The fate of KCSE candidates at academic giant Moi Girls' High School Eldoret hangs in the balance after it was yesterday closed indefinitely following the students' first ever strike.
The more than 1,400 students went on strike demanding the removal of the school principal Christine Chumba, accusing her of intimidation, high-handedness and failure to address their grievances.
National examinations are scheduled to kick off across the country with practicals set to begin in the next two weeks.
Uasin Gishu County Director of Education Gitonga Mbaka held a two-hour crisis meeting with various stakeholders and ordered closure of the national school that has produced key personalities in the country.
The school, which was started by white settlers as ''highland school'' to cater for their children and later re-named Moi Girls during President Daniel Moi's era, has never been involved in a strike.
"We have consulted with other organs of government and we have agreed that in order to address the concerns raised, all students should be given a break. All girls in the school have been asked to vacate the school today or by Thursday morning," said the education official.
Mr Mbaka said the school board of management and other stakeholders will hold a meeting on Thursday that is expected to make an announcement on the re-opening of the school.
The strike began at 6.30 in the morning, when the students marched to the school's main gate in an attempt to leave the school. The private security guards and anti-riot police officers and education officials had a difficult time controlling the agitated students.
The striking students carried placards, twigs and chanted anti-principal slogans to express their displeasure in the manner in which the school was being managed.
Students complained of intimidation of teachers, non-teaching staff and learners as well as mismanagement of the institution.
The students pleaded with Education Cabinet Secretary George Magoha to intervene and have the school head transferred.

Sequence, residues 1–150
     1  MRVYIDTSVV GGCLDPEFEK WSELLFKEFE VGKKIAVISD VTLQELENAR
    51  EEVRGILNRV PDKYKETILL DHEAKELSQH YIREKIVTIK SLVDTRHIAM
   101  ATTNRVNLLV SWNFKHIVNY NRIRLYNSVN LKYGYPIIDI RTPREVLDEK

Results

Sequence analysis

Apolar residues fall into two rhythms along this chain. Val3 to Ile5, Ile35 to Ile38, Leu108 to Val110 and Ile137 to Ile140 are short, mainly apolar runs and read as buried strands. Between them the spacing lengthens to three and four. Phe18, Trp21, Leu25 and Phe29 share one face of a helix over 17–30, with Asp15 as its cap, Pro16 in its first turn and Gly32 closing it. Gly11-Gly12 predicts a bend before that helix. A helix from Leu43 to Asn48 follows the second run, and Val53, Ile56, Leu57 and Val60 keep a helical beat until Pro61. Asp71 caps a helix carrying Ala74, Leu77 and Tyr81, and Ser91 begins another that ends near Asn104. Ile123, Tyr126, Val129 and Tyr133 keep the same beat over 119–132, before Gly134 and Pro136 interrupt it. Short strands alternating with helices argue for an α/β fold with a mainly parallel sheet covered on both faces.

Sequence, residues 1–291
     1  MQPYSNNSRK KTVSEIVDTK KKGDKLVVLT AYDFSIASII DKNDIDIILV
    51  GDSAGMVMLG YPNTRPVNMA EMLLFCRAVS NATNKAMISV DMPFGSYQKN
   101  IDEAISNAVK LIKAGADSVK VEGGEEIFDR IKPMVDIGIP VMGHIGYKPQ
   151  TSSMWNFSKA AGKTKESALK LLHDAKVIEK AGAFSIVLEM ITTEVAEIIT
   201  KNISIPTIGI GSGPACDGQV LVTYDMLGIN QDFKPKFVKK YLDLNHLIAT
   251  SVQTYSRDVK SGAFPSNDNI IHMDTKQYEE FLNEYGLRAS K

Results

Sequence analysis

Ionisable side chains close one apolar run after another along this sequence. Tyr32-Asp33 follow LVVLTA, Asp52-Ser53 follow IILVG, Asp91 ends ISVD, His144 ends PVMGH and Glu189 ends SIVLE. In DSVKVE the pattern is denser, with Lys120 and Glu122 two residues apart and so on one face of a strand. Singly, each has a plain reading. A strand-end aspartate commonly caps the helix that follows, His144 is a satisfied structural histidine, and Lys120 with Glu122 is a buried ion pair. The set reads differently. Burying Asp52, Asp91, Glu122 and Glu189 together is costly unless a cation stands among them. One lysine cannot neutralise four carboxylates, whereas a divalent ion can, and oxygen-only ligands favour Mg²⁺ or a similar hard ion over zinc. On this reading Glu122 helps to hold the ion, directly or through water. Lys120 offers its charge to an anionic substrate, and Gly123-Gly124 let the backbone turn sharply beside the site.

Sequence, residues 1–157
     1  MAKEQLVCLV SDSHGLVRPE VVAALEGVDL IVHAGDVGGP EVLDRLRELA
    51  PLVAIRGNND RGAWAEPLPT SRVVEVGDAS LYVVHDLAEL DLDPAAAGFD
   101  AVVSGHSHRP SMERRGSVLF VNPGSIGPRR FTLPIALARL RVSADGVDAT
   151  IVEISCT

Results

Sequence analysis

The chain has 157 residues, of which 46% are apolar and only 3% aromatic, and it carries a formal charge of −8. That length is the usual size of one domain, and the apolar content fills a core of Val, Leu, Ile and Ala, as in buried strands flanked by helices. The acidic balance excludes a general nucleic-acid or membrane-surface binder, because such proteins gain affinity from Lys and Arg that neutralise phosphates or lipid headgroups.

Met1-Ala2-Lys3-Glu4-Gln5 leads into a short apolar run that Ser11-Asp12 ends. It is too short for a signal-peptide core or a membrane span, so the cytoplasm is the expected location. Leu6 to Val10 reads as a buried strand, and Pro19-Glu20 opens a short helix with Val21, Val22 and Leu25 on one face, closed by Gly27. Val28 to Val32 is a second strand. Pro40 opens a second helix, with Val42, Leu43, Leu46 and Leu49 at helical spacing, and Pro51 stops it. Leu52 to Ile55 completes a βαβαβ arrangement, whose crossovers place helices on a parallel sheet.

The principal reported to the school in February 2019, having been transferred from Nakuru Girls' High School.
The students enumerated a number of grievances.
They protested that there were constant power outages and insufficient school books. They claimed that the school library had been closed and that there weren't enough premises to accommodate learners with serious health conditions.
"We love this school and that is why we didn't destroy anything. But we want the principal to go so that sanity can be restored at this academic giant ... as a mother, she was supposed to be advising us but, instead, most students fear her," alleged one learner.
Another student claimed that they were fed up with the principal after she failed to listen to and address their grievances.
"Our welfare is not considered at all; most workers are demoralised and have been fired and intimidated. We have cases where non-teaching staff have been slapped," she said.
The learners also took issue with destruction of trees in the school, saying the principal had failed to conserve the environment.
Another learner said they were not getting proper meals.
Mr Charles Laboso, the Ainabkoi Assistant County Commissioner, assured the learners that the grievances will be addressed by the relevant government agencies.
"The issues that have been raised will be acted upon," said the official.